Pre #BIT14 Interview with David Hann and Heather Durnin


Michelle Cordy (@cordym) continues her series of interviews of notables presenting at the Bring IT, Together Conference next week, November 5-7, 2014 at the Scotiabank Convention Centre in Niagara Falls.  This time, it was an interview with Heather Durnin and David Hann.

Now, I’ve known Heather Durnin (@hdurnin) for a number of years now.  She does amazing things with her students in Huron County.  David Hann was a person that I met for the first time last year at the Bring IT, Together Conference.  He was showing off his 3D printer and talking about how he was using it with his students.  I got the chance to take a peek at his presentation but quickly got called away.  He did make me a plastic replica of the ECOO logo as a takeaway.  I was completely impressed with the detail.

Both Heather and David are presenting separate sessions at this year’s conference.  (Heather is also on the conference planning committee).  I should have known this fact immediately but when I went into Lanyrd to get links to their presentations, I was really struck that there are 334 speakers in the database for the conference.  There just might be a few more…

David’s session at the conference is called “How to make use of a Makerbot 3D Printer in Your School – Year II“.  He is co-presenting with Ray Mercer and the description of their session is here.

Heather will be very active at the conference.  In addition to her responsibilities on the planning committee, she’ll have a station at the Minds on Media event “Three Dimensions in Student Learning” where the learning will be very hands-on.  The Minds on Media wiki went live yesterday and is available here.  Later in the conference, she will co-present with Marc Westra on the same topic.  If you miss her at Minds on Media, attend the session as described here.  If you miss her in both those places, lace up your running shoes and join her in the Friday morning “Run/Walk/Be Active with Alana! / Course/marche/ Soyez actif avec Alana!” event.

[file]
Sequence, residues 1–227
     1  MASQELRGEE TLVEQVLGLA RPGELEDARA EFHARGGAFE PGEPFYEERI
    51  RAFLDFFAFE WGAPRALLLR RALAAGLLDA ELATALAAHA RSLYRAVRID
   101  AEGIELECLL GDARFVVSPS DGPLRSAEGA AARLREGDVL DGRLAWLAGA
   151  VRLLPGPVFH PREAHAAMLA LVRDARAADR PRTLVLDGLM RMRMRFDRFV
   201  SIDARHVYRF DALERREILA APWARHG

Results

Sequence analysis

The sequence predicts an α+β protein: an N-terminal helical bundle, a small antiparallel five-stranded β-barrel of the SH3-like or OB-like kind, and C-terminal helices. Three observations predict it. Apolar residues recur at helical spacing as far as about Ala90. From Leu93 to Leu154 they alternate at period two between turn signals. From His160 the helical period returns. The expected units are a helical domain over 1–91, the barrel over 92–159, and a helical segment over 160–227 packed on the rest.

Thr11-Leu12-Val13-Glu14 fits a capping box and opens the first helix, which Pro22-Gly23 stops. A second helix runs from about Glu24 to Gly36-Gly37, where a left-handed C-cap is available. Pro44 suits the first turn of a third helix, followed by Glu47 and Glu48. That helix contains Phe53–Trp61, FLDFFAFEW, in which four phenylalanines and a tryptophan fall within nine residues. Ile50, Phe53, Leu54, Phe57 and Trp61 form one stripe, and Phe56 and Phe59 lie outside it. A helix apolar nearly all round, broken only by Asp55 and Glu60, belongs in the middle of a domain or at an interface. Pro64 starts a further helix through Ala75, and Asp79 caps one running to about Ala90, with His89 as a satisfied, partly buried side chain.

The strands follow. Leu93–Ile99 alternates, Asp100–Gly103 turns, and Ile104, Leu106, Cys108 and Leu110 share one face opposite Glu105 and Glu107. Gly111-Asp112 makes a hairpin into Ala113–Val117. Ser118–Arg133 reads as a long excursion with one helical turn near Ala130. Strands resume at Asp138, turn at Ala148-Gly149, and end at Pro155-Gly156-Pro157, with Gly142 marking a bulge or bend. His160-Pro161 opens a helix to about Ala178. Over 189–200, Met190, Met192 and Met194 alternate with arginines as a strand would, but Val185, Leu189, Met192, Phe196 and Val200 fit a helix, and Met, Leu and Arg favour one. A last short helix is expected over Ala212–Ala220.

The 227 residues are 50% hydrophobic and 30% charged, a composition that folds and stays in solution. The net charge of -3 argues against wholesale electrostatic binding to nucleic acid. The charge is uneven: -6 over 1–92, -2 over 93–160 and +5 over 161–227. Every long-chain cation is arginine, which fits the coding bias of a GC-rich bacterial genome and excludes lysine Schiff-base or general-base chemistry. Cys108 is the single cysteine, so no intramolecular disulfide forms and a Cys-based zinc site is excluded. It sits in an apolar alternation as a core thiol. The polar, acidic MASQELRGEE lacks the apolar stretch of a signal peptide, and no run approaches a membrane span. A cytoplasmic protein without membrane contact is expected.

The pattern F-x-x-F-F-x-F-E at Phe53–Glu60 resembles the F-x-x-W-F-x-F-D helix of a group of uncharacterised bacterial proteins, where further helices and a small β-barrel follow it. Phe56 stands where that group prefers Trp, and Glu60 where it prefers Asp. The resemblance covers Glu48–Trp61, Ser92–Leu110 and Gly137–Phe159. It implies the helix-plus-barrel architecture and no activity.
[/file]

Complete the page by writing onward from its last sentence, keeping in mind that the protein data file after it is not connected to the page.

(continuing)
Heather and David were interviewed and shared their thoughts about #makered.

Watch the interview here.

There’s still time to register for the #BIT14 Conference.  You’ll get a chance to learn alongside great minds like theirs.

Michelle’s other interviews as we head to the conference appear below.

Pre BIT#14 Interview with Heidi Siwak


Michelle Cordy (@cordym) continues with her series of interviews of presenters leading to the Bring IT, Together Conference in Niagara Falls on November 5, 6, and 7.  This time, she teamed with Jane Mitchinson (@JMitchinson) to interview Heidi Siwak @HeidiSiwak.

Heidi is actually featured twice on the Bring IT, Together schedule.  On Wednesday, she will be running a station dealing with 3D Printing at the Minds on Media event.  Then, on Thursday, she will do her own session “An Introduction to Integrative Thinking“.

You need to follow the link above and head over to Lanyrd to read her complete description.  It starts with a warning…

“This session will not be about the technology. You won’t find out how to use any cool online tools. SAMR will not be discussed. This session is about thinking, knowledge building and the deep practices that shift how students think so that when technology is introduced it supports a new kind of learning.”